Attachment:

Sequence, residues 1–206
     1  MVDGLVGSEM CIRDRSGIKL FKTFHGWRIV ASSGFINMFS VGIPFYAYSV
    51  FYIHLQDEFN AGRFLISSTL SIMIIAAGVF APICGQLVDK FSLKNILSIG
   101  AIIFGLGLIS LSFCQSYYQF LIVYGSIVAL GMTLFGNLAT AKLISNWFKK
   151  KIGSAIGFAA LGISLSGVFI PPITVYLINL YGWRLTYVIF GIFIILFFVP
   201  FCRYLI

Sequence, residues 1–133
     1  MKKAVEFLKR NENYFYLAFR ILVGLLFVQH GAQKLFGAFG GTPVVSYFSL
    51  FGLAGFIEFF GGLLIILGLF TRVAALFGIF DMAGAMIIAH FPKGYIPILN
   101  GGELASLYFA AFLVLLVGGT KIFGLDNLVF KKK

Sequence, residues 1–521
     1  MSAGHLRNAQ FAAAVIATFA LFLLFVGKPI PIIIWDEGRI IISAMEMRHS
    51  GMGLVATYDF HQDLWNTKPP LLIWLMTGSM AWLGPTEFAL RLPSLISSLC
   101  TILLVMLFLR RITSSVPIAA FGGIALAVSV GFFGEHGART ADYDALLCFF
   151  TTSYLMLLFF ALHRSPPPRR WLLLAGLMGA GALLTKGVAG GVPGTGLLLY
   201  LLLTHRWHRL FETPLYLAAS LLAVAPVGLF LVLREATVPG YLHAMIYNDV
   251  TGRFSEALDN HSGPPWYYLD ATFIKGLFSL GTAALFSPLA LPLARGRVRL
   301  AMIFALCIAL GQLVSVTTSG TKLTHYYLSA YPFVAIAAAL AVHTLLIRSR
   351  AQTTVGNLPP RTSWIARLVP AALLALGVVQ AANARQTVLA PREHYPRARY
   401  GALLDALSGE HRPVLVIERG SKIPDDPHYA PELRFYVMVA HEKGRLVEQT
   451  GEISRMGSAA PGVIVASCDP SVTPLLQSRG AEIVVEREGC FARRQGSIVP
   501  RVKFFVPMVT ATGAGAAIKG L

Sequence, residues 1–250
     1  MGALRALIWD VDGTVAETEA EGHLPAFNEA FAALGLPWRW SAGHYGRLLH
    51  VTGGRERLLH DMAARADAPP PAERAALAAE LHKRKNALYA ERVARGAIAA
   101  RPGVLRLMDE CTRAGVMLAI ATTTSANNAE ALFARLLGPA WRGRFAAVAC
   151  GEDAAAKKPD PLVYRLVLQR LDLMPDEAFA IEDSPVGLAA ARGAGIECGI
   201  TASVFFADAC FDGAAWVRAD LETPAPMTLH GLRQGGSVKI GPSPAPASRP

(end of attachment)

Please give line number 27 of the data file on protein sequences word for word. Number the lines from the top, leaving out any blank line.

   151  GEDAAAKKPD PLVYRLVLQR LDLMPDEAFA IEDSPVGLAA ARGAGIECGI